It looked like a Swiss village had been transplanted in the window. The buildings were quaint and had snow on the roof. The trees were also sprinkled with glittery snow. A Santa sat in a giant chair and was surrounded by children. But the thing that set it apart was the train circling the display and the tunnel created from books it traveled through.
It was the type of display that belonged in a Christmas movie. Or in a big city. A display created by a genius.
This couldn’t be happening to her.
Around Sweet Ridge, she was known for her Christmas displays. This time of year everyone stopped calling her Maggie and started calling her Miss Christmas. This was her gig. She started planning her displays in summer when she had time to trawl the internet for inspiration. And now someone else had taken over.
No, she couldn’t let that happen at all. She wouldn’t let that happen.
“Who did this?” She turned her back on the beautiful scene.
The crowd, which seemed to have doubled in size—which meant no one was looking at her display in the post office window—shrugged. They didn’t know? Somehow, she doubted that very much. She knew for a fact that Mrs. Smith didn’t have Christmas decorations like the ones now sitting in her window.
“Looks like you might have some competition for your Christmas decorating title.” This came from Dottie Baxter, one of the older residents in town.
Maggie had never quite connected with the older woman, she never seemed happy. Dottie had been up in Dallas for the last six months, and had returned just before Maggie had left to go look after her aunt. She hadn’t missed her constant negativity all that much.
“I don’t think so, Dottie. There’s no competition.”
“Competition? What’s this I hear about competition?” A deep baritone sounded behind her and she turned.
What the ever living…
Trey Prentice, baseball star, town sports hero, stood in the doorway, looking more handsome than he had when she’d been helping with his paper on Romeo and Juliet. He’d been a senior and she’d been a sophomore. Worlds apart on the social scale then and even more so now.
When had he come back into town?
Why had he come back? Sweet Ridge was nothing compared to living in New York. Oh, she loved living in the small Texas town, but Trey Prentice so didn’t. The second he’d graduated from high school, he’d driven off in a cloud of dust, rarely returning for anything. Or anyone.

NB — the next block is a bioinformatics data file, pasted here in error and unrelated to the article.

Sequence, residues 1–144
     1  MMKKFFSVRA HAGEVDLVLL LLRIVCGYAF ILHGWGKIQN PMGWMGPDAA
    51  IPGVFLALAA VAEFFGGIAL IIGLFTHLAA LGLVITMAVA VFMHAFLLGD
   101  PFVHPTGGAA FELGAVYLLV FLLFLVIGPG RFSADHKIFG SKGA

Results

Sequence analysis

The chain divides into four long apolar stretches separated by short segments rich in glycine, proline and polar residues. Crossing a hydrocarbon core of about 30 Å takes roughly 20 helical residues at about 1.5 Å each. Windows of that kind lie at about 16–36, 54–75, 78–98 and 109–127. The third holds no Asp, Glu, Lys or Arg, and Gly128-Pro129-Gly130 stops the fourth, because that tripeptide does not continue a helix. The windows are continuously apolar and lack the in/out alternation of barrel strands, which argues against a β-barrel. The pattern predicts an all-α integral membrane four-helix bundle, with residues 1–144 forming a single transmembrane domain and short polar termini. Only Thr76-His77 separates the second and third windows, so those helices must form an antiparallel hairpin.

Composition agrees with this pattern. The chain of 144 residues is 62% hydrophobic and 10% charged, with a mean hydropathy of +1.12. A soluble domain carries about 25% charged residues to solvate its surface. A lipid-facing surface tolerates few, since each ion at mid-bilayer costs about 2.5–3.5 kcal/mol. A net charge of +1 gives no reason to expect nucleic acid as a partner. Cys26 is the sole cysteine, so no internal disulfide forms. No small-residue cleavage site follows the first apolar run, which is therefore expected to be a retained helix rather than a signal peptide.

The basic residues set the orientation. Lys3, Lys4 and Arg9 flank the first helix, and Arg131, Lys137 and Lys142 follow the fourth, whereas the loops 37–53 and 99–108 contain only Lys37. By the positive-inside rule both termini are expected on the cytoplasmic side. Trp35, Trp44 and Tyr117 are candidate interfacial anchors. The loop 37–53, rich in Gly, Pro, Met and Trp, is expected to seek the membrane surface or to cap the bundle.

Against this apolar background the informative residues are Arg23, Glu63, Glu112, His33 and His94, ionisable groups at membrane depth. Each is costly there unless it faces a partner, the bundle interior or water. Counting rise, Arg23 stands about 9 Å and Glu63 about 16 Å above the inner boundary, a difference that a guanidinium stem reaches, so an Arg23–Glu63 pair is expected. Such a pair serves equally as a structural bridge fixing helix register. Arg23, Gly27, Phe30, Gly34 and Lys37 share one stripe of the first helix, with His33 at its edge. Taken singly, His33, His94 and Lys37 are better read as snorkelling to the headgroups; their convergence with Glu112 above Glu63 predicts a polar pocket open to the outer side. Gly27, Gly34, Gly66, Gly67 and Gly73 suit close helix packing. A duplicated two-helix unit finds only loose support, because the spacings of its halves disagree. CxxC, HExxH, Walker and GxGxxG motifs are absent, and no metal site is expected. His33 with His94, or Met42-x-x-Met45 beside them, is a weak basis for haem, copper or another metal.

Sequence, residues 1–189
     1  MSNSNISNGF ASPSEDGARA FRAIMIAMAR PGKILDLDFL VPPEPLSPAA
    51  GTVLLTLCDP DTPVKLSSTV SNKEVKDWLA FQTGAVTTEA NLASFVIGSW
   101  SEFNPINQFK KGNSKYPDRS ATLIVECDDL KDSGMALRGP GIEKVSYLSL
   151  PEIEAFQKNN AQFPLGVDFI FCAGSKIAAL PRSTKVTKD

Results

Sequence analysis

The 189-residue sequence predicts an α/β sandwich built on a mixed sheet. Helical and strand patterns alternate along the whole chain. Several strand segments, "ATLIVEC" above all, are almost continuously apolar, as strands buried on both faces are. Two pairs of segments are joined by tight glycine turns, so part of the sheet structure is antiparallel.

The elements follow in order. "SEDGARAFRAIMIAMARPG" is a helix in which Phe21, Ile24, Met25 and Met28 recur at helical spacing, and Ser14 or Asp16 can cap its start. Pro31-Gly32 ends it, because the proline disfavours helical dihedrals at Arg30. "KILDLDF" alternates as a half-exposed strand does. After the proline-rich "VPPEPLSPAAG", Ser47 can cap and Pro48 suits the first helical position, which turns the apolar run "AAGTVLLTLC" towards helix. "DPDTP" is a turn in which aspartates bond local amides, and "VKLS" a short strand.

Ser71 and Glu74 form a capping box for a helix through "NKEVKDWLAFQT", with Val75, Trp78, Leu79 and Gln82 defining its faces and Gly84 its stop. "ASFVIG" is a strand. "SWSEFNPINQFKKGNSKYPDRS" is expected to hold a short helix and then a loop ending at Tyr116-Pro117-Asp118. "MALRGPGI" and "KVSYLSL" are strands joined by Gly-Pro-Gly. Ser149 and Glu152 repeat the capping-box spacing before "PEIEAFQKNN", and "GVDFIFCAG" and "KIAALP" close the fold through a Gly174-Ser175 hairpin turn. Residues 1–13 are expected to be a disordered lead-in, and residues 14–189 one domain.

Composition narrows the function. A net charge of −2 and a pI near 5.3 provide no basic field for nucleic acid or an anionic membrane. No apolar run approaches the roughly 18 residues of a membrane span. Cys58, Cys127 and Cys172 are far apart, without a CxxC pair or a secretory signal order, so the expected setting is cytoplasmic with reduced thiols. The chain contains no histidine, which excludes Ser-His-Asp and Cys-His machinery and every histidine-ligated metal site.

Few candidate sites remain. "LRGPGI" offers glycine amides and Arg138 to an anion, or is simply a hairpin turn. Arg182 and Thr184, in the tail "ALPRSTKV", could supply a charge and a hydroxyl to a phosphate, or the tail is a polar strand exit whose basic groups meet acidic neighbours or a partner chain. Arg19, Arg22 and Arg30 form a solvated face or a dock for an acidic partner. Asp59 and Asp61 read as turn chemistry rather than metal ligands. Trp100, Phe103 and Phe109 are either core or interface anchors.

“Where’s Mrs. Smith? What are you doing in her store?” she demanded, well aware she wasn’t being very polite. It wasn’t like she was Mrs. Smith’s business advisor and needed to be kept abreast of everything.
“Mrs. Smith’s living with her son in Florida. And it’s my store now.”
“Your store?” she parroted back.
“How is that even possible? When I left town just before Thanksgiving, Mrs. Smith was happy puttering around with her books. I know this because I picked up a couple for my aunt. How can a store change ownership in just over two weeks?”
Maggie was really going to miss Mrs. Smith. She loved wandering among the old books and chatting with her about their favorite characters. What the heck would a baseball star know about Jane Austen? After all, she had to help him in high school with an English assignment.
She had to have walked into an alternate reality. A reality where everything she thought was normal wasn’t. A reality where her secret crush had returned. She pinched herself on the arm and flinched slightly at the pain. Nope, it wasn’t an alternate reality. It was real and had all the hallmarks of turning into a nightmare.
Trey shrugged his impressive shoulders and sipped his coffee. She couldn’t help but notice that he was wearing a Christmas sweater. A dancing snowman adorned his chest, with little snowflakes appearing all around him. It really should’ve looked ridiculous on the athlete. Unfortunately, it looked rather sexy. The sweater was probably cashmere, unlike the cotton-wool blend she currently wore.
“It is possible, because here I am.”
Maggie narrowed her eyes at him and placed her hands on her hips. “And the display, I suppose you did that?”
He smiled, a hint of mischief entering his bright blue eyes, and Maggie’s heart skipped a beat before flittering along at its normal pace. She wasn’t going to fall for his charm.
How she wanted to wipe that smug smile off his face. “You’re being deliberately obtuse. I hope you paid Mrs. Smith a fair sum and didn’t try to cheat her by offering an obscenely low amount.”
Oh, God, why the heck did she say that? Again—not her business.
This time his eyes narrowed and he stepped closer to her. “I didn’t cheat her. I paid over market value if you must know.”
A wave of contrition swept over her. She’d gone too far. Had known it the second she’d spoken the words. “I’m sorry, that was uncalled for.”
“Yes, it was, and thank you.”
“So, Trey, are you going to take over from Maggie and start decorating all the windows around town?”
Damn Dottie and her interfering questions. No way was Trey taking anything from her. She wouldn’t let him. Maggie whirled around again. God, if she kept that up she’d give herself whiplash. “No, Dottie, Trey will not be taking over the displays. That’s my job. And if you must know I decorated the post office’s window last night.”
The other woman sniffed. “Well, you have to admit, his display is pretty impressive.”
No way was she admitting anything to anyone, especially not how much she loved the scene he’d created. That would definitely mean that the town’s shop owners would look to Trey to take over decorating their windows from her.
A sense of desolation built up inside, hollowing out the joy she’d felt when she’d awakened. Decorating windows was her thing. She needed this year to be successful. There was so much riding on it now. Trey couldn’t be asked to do what she always did. No one loved this time of year as much as she did.
Maggie tightened her grip on Chester’s lead and stood a little straighter. “I have to get Chester to doggie day care. Don’t you worry, Dottie. Just wait until you see my displays. They’re going to be so amazing you won’t believe it.”
Dammit, why had she said that? Yes, the other designs she had planned were beautiful, but now she had her doubts because the post office display was not as elaborate as this one.
Why had she let her anger get the better of her? Now that it was out there, she had to live up to her declaration. Find something extra special to add to her already planned out designs.
Trey reached out and tapped her nose, his eyes crinkling. “I can’t wait to see what you come up with, Maggie Watson. Bring. It. On.”
End of Excerpt